There’s a new sheriff in Jacksonville, Florida, and the department is trying to change from an employees-are-commodities personnel mentality to a workforce-management culture where employees’ career aspirations are taken as seriously as traffic violations.
Sheriff John Rutherford, whose staff includes 2,318 police and corrections officers, began an ambitious 10-pointagenda last month. One aspect of the agenda is “tough recruiting,” or aggressively going after potential cops on college campuses and in the military and other police departments. Building a compelling recruiting brand to attract cops is a big job, but even bigger is the one that Rutherford’s chief of human resources, Justin D. Hill, has on his hands.
Hill’s biggest concern is the 973 civilians–from data-entry employees and secretaries to payroll clerks and dispatchers–who work for the sheriff in this key American port city.
Pride vs. money
Hill is new to human resources, with more experience in community affairs and law enforcement. He inherits a department with high turnover, frequent retirements and a workforce-management system that isn’t exactly Cisco.
If you’re an entry-level sheriff’s employee pulling reports and checking records, you might make a little over $10 an hour. Insurance companies, which are plentiful in Jacksonville, could approach such an employee with an offer of $12 to $14, and a lot more potential for a promotion. “We lose a lot of civilian employees because they feel they can get paid more somewhere else,” he says.
“I don’t know what else we’ve got. We don’t have money.”
Hill doesn’t have the money to do anything about this. As an alternative, his goal is to instill a sense of pride in employees about their work, and he hopes that eventually they will feel as good about what they do as the data-entry employees who work for the FBI. “I don’t know what else we’ve got,” he says. “We don’t have money. Anyhow, a lot of the studies show that money is not the driving factor in job satisfaction.”
“You could make more in the private sector,” he says, “but what personal rewards are there? Here you’re part of a premier law-enforcement agency. This is an integral part of protecting the citizens of Jacksonville.” Hill wants to see employees point to newspaper stories about murder suspects being arrested and tell their friends and neighbors, “Hey, I checked that guy’s record. I was involved in telling [police] that person was wanted.”
“My challenge,” Hill says, “is selling this concept to an employee in central records who may be filing arrest reports all day.”
Beyond the lack of money, a major reason for turnover in the sheriff’s office is that no one is helping employees further their careers. When there is no upward career path in sight, an employee looking to advance is better off just getting a job in the private sector. “Civilian employees have kind of been treated like second-class citizens compared to the police and corrections,” Hill says.
The organization’s attitude, he says, has been “I hope an employee stays here for 20 years because they’ve become a good 10-dollar-and-19-cent employee. That’s what everybody has slipped into.” In other words, supervisors think that employees will come to work, do their jobs, end of story.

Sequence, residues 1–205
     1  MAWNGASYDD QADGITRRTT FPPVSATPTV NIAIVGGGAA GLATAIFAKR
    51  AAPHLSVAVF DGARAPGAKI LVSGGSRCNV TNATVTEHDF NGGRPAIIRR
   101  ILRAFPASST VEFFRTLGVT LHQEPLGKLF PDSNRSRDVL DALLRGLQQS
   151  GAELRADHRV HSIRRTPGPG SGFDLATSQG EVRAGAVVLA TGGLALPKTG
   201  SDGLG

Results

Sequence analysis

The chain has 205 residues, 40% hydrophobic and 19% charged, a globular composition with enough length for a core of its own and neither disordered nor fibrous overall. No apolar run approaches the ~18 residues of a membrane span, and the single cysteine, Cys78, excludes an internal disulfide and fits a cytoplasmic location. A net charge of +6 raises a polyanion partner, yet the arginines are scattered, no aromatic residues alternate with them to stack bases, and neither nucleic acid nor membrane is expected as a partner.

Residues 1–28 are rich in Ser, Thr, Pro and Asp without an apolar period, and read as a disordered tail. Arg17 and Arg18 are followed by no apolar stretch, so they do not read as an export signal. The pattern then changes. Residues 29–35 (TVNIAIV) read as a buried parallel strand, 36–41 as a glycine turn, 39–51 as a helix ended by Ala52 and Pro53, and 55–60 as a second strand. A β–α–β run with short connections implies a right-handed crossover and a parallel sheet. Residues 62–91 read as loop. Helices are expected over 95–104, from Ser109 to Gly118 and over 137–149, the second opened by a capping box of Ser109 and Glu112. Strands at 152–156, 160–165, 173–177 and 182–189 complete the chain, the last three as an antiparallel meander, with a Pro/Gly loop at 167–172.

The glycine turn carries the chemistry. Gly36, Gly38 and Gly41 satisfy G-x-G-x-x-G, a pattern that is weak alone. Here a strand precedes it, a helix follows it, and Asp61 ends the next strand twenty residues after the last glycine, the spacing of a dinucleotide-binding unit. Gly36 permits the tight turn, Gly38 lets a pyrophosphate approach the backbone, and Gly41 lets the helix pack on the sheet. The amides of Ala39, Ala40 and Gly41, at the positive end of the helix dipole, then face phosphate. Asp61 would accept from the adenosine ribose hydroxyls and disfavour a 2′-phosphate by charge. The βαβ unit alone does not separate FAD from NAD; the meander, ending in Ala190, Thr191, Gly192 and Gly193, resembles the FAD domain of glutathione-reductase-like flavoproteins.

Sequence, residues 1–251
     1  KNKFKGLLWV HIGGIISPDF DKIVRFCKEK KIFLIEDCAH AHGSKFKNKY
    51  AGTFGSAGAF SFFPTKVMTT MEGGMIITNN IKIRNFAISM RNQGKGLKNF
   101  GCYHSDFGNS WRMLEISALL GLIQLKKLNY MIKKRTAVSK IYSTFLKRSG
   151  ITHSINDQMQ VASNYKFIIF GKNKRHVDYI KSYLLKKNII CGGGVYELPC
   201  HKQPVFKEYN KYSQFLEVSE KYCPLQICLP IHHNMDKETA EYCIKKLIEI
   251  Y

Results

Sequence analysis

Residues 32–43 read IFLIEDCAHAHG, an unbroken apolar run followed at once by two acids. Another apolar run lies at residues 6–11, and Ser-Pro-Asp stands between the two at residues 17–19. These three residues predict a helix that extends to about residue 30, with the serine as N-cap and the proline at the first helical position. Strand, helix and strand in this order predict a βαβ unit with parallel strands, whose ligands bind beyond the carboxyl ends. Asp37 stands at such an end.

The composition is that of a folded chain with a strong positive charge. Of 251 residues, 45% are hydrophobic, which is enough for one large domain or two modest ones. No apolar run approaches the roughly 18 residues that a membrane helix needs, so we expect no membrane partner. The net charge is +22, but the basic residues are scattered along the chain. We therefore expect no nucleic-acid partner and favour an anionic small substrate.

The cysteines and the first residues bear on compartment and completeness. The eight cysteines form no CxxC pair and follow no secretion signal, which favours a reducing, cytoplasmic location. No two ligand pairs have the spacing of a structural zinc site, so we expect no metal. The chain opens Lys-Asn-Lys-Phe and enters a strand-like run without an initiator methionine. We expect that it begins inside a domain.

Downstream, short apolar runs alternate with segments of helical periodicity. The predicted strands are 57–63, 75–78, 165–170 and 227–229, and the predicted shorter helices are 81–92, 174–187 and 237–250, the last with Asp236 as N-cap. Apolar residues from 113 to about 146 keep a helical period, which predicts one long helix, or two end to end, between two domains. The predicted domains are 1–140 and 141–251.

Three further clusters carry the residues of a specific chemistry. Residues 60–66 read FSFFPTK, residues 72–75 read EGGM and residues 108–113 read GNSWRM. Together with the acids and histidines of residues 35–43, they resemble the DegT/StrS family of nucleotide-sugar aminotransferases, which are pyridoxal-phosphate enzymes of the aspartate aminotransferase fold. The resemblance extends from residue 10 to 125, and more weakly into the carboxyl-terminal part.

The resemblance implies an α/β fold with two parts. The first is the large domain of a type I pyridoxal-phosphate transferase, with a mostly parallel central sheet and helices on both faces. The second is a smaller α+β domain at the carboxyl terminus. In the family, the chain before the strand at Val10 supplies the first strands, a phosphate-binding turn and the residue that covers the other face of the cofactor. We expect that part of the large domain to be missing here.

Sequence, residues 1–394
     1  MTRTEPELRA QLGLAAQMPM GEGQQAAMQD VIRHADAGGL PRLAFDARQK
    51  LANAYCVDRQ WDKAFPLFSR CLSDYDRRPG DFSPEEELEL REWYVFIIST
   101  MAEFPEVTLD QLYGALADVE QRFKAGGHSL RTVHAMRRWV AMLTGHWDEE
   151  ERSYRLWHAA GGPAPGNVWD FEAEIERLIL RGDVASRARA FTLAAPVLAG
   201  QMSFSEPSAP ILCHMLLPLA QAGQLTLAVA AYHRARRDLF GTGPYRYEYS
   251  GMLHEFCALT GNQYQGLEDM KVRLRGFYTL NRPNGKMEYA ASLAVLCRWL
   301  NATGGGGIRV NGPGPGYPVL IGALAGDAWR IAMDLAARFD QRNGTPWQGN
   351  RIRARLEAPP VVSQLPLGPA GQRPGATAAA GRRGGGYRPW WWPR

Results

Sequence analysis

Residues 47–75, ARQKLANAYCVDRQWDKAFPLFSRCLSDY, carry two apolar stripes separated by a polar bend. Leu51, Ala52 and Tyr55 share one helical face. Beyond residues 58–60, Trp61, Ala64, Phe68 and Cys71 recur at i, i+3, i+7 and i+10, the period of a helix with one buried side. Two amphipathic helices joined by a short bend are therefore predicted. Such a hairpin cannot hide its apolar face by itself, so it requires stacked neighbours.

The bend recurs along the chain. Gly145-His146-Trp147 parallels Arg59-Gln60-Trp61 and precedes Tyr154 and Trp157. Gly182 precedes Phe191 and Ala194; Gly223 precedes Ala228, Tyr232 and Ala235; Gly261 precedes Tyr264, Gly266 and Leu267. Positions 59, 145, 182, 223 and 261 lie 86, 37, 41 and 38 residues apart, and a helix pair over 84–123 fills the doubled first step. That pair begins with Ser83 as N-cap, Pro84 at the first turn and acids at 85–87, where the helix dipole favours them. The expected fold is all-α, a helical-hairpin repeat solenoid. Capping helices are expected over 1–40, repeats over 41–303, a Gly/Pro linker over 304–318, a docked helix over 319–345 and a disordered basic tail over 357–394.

Employees want more, Hill says. They’re telling managers that they want to move on to different–and better–jobs in the organization. But right now, if an employee says she’d like to take classes in PowerPoint and Excel, the answer is often simply “no and no,” he says. “We’ve got to move past that.”
Hill meets with all new employees to make sure they understand how important their careers are to the organization, and that his staff can help them with that. He’s also looking for some Web-based courses he can offer employees to avoid their having to be out of the office too much.
At the same time, Hill will be trying to change the mind-set of managers. “I’m trying to impress upon the supervisors throughout the department that you have to value employees’ desire to advance and not to look at them as just these robots that are always going to be entering data.” If an employee tells a manager, “I’d like to be a dispatcher or a police officer” or even “I’d like your job,” Hill wants the manager to help the person rather than feel threatened.
Often, a manager will say that employees are just too valuable at the moment to let them get out to take a class. Hill is trying to convince those managers to “look at the big picture.” He believes that by shifting employees around, getting a temp to fill in and making other adjustments to accommodate employees looking to develop their careers, the department can upgrade employees’ skills, resulting in better service to customers and much lower turnover rates.
Right now, if you surveyed sheriff’s-office employees to see if they are getting the answers they want about human resources issues–from career-development needs to benefits queries–Hill fears that the results wouldn’t look too good. The department conducted such employee surveys in the past, and Hill plans to bring them back. In addition, he’ll be measuring changes in turnover and comparing them to past results to judge the success of his initiatives. He’ll use exit interviews to determine why employees are leaving and try to make improvements where necessary.
The Jacksonville sheriff’s office tends to earn fairly high marks–as high as 80 percent–from citizens, as measured by annual surveys in place since 1992. Hill would like to have employees just as satisfied with the service they’re getting from managers and human resources.